My mom always tells me she doesn’t envy me, having to raise kids in the Internet era. After all, all she had to worry about me doing as an adolescent was sending gushing fan letters to Ricky Schroder and putting a love letter in the locker of my middle school crush (and he, in turn, crushed me by laughingly reading it to ALL OF HIS FRIENDS, OH MY GOD). And with my older siblings, well, back in their day I’m pretty sure their only modes of communication were smoke signals and letters by horse courier.
The Internet is a double-edged sword for us parents, for sure. On one hand, where else can we find important information like “homemade butt paste recipes” within two seconds and post pictures of our baby eating the cat’s tail with the caption, “I think he’s hungry, LOL!” for all our family and friends to see? I mean, how on earth did my mom raise three kids without being able to do that?
Then, on the other hand, I hear stories like this and do not look forward to my kids having access to the ol’ World Wide Web (of Trouble) any time soon…
In yet another incident of adolescents using social media for no good (shocking, I know), a silly 12-year-old girl posted a photo of herself on Instagram holding an unopened bottle of vodka with a caption that read “I sure wish I could drink this.” (Coincidentally, I posted a similar picture of myself when I was pregnant.) What the girl failed to realize, apparently, was that pretty much everyone in the world could see her picture, including HER MOTHER, a prominent Houston-area author who in turn punished her daughter by having her post a new picture of herself holding a sign declaring, “Since I want to post photos of me holding liquor, I am obviously not ready for social media and will be taking a hiatus until I learn what I should & should not post. Bye-bye.”
I think it’s the sad face really drives the message home. (Both on the sign and on the girl’s face.)
ReShonda Tate Billingsley said, that in the past, she had warned her daughter, who does not have her own Facebook account, to be careful about what she posted to the photo-sharing site and was surprised to see the vodka photo.
“I thought she knew better, but in her mind, she thought, ‘I’m not drinking, what’s the problem?’” Billingsley said. What the girl didn’t realize, she said, was that the photo might still send the wrong message to a future employer or prove attractive to a predator, who “can see it and think this is a little girl who likes to drink.”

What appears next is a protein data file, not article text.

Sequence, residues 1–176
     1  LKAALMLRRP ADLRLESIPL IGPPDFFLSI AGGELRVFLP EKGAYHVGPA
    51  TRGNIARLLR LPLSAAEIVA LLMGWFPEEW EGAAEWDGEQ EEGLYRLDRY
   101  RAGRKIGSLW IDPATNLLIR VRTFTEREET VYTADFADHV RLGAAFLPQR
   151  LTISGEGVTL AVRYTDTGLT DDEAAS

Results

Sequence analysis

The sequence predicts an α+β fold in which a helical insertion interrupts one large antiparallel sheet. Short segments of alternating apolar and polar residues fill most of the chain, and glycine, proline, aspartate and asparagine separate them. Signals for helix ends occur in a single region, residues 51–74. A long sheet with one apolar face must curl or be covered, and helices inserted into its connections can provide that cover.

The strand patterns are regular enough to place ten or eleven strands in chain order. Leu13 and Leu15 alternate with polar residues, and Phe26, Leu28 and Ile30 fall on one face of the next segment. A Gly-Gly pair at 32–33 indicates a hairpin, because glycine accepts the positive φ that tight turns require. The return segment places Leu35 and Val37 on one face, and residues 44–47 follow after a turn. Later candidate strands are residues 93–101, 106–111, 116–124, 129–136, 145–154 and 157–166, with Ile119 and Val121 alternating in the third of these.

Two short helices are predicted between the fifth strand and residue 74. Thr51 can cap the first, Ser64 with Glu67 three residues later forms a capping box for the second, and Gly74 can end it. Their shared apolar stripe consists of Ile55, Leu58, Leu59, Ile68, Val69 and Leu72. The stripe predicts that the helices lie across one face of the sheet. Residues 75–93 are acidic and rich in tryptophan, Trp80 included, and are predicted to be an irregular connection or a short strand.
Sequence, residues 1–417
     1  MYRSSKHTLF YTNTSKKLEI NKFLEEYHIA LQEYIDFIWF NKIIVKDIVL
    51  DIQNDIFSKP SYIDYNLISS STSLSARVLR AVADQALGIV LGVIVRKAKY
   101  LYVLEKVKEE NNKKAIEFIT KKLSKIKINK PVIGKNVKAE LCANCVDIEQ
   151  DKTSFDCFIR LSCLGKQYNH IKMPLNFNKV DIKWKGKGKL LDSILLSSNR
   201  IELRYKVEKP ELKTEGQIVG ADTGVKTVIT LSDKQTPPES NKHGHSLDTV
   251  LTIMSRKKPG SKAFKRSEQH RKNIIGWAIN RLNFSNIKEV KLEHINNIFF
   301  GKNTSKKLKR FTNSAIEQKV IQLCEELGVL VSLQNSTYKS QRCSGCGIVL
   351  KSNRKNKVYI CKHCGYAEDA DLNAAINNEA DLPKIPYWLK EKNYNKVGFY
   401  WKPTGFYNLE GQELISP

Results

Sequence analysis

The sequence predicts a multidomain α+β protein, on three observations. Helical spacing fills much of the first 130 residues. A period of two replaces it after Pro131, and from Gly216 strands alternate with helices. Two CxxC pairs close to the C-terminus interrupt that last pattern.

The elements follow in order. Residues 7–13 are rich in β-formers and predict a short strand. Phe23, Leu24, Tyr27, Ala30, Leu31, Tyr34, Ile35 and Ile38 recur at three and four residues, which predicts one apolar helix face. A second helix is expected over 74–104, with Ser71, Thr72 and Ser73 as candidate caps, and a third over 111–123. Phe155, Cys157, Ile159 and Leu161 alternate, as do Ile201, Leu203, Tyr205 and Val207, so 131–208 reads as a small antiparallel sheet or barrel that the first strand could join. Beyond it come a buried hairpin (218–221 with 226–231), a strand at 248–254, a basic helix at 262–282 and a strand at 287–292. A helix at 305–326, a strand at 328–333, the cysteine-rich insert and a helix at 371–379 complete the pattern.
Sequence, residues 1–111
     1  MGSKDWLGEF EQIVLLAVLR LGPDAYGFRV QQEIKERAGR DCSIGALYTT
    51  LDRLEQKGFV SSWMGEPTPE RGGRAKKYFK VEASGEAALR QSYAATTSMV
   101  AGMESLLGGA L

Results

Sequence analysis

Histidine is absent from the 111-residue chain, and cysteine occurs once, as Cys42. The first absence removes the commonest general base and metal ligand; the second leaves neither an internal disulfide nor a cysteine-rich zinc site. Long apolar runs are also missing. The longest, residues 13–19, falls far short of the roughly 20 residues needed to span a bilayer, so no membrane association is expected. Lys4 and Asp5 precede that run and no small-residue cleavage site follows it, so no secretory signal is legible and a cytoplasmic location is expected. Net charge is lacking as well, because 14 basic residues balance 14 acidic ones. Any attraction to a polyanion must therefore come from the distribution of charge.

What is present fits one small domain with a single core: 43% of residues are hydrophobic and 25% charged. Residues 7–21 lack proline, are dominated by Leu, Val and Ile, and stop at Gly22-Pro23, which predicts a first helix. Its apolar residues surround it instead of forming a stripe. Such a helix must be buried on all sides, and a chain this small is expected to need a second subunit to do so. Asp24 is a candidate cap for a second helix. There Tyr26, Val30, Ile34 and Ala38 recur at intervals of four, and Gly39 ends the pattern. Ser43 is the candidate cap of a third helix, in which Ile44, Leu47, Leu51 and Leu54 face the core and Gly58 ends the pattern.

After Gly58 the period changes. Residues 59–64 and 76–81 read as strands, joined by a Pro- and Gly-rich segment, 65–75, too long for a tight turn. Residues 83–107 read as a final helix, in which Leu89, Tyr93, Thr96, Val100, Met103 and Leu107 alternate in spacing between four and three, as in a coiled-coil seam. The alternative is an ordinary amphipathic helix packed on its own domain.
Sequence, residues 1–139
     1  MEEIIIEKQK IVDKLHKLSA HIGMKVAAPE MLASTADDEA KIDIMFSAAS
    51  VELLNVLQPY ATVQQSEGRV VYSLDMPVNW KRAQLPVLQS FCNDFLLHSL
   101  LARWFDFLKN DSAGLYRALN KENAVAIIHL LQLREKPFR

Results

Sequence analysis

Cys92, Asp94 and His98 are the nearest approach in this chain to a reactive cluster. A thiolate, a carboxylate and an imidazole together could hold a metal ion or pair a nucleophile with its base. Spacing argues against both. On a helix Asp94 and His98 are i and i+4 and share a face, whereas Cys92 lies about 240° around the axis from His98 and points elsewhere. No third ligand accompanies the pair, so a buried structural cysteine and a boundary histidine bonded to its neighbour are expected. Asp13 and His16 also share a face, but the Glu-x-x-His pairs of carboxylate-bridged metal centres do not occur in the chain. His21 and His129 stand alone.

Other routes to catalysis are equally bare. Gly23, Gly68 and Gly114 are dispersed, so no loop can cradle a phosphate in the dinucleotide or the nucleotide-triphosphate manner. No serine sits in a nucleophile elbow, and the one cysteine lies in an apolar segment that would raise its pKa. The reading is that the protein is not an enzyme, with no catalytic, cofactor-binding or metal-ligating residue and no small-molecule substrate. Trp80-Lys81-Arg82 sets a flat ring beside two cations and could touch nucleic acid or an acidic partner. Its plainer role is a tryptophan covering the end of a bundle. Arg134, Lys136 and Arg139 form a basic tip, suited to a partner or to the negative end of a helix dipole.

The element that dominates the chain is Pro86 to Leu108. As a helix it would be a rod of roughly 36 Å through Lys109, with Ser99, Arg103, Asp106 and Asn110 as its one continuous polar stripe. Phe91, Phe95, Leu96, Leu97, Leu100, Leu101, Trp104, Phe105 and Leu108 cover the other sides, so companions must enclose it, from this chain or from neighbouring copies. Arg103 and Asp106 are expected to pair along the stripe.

“Because she had been warned,” she added, “I felt I needed to hit her where it hurt most.”
And hurt it did. After she explained the punishment to her daughter, the girl was “devastated” for a day, Billingsley said.
“She actually asked for a spanking instead; she begged for a spanking,” she said.
But by day two, Billingsley said, her daughter had brushed off the incident. “If she is ever allowed back on social media, she’ll definitely think twice about anything she posts,” she said.
This seems to be the latest trend in discipline — punishment by social media humiliation, which has garnered mixed reactions from experts and parents. I asked Mr. Candy if he would have Skylar pose with such a sign if she did something similar (not that our perfect little angel would ever do that…*ahem*) and he said he wouldn’t, instead opting to take away her access to the Internet for a few weeks or whatever. Personally, I would never say never — three strikes, and I might just do the same (or worse, make her use Google Plus instead) — but I do know this for sure: until this girl has had her candid love letter read to the ENTIRE MIDDLE SCHOOL FOOTBALL TEAM for their amusement, she does not know what embarrassment is. OH MY GOD.